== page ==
"Last opening day I was sitting on a high school bench," Delabar said. "It's been a crazy ride in the past year. But you know what? I'm here and I'm having fun with it."

You never know what baseball will bring. Or take away. So seize the day. Remember, there are only 161 games to go.

"Thinking about it we only have one more day left here," Ichiro said. "This is like a moment that will go by like that. You will reflect and think that, Wow, that was quick. That's why I'm going to take the next day important. I like to go day by day because this is special."

CSI: Box Score

You know the drill. Each week I provide a fragment from an old box score and challenge you to determine what game it is from and why it's significant. I give this one a difficulty rating of 4. Answer below.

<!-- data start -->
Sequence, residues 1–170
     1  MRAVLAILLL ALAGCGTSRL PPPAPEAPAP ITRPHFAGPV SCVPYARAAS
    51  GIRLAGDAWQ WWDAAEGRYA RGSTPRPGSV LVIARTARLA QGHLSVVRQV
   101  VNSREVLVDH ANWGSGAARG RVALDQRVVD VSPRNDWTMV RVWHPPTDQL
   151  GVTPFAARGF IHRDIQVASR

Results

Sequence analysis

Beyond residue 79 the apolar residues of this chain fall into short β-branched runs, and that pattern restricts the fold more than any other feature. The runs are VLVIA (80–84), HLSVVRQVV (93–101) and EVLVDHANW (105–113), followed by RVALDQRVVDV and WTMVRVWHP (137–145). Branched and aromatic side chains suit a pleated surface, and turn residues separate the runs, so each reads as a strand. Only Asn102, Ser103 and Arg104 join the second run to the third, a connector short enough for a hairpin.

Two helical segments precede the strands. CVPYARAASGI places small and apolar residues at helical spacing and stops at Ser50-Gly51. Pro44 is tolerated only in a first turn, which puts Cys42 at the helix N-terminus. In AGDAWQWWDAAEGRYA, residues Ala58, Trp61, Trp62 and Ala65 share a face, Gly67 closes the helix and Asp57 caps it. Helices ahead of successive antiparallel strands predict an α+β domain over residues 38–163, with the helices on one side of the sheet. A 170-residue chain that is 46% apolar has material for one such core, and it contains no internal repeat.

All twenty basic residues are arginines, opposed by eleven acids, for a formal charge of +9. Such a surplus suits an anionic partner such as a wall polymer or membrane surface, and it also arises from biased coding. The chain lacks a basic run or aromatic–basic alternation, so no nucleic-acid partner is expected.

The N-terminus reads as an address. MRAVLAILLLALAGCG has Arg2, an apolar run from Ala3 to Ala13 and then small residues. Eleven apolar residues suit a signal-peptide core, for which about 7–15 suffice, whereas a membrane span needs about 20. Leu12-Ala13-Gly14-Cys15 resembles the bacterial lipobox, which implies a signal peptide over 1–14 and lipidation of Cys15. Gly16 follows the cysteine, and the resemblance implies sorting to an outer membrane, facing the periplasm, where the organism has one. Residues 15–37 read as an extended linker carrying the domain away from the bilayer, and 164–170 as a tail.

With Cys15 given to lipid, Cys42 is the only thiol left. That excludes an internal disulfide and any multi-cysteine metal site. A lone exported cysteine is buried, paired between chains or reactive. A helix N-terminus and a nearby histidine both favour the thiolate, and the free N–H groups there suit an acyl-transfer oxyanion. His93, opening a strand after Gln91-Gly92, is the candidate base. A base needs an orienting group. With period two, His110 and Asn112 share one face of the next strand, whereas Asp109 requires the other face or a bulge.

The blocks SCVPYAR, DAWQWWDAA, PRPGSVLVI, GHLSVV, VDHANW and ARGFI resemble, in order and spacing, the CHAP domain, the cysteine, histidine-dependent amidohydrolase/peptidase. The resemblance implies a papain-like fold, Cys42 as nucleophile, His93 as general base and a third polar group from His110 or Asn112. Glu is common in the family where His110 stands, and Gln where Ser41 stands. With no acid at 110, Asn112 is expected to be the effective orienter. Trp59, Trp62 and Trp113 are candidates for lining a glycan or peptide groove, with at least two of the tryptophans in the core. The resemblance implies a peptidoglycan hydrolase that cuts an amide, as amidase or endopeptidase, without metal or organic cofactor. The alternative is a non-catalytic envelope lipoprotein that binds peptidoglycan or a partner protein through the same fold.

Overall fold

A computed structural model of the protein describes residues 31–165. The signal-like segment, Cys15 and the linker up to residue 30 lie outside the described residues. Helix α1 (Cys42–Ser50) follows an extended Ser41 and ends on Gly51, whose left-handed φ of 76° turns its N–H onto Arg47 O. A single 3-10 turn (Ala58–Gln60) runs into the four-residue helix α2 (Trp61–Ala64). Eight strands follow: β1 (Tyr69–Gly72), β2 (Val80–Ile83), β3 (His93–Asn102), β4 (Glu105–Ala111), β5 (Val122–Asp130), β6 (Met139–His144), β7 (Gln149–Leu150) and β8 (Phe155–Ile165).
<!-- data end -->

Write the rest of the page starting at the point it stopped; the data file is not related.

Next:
CSIKurt Snibbe/ESPN.com

Baseball Card of the Week

As the Athletics and Mariners open the season in Japan, and Yu Darvish prepares to start the season with Texas, let's pause a moment to remember the oft-forgotten first Japanese player in the majors, Masanori Murakami (1965 Topps, No. 282), who pitched for the Giants in 1964-65. Murakami had it a little rougher than today's Japanese players. He not only didn't have a multimillion-dollar contract, he had so little money in spring training he once told me, "I had to hitchhike into town for dinner."

Box Score Line of the Week

Opening Day was familiar for Felix Hernandez. The Seattle ace pitched a great game (one run in eight innings) and he had nothing to show for it thanks to low run support, leaving with a 1-1 tie in the ninth. His line:

8 IP, 5 H, 1 R, 1 ER, 0 BB, 5 K

CSI: Box Score Answer

The big clue here is in that final line that shows Boston starter Hideo Nomo hit Seattle's Ichiro Suzuki with a pitch. That happened in May 2001 in the first matchup between Nomo, the first successful Japanese starting pitcher, and Ichiro, the first (and still most) successful Japanese position player. We can only imagine what the tabloid headlines were like back in Japan.

Jim Caple | email

Senior Writer, ESPN.com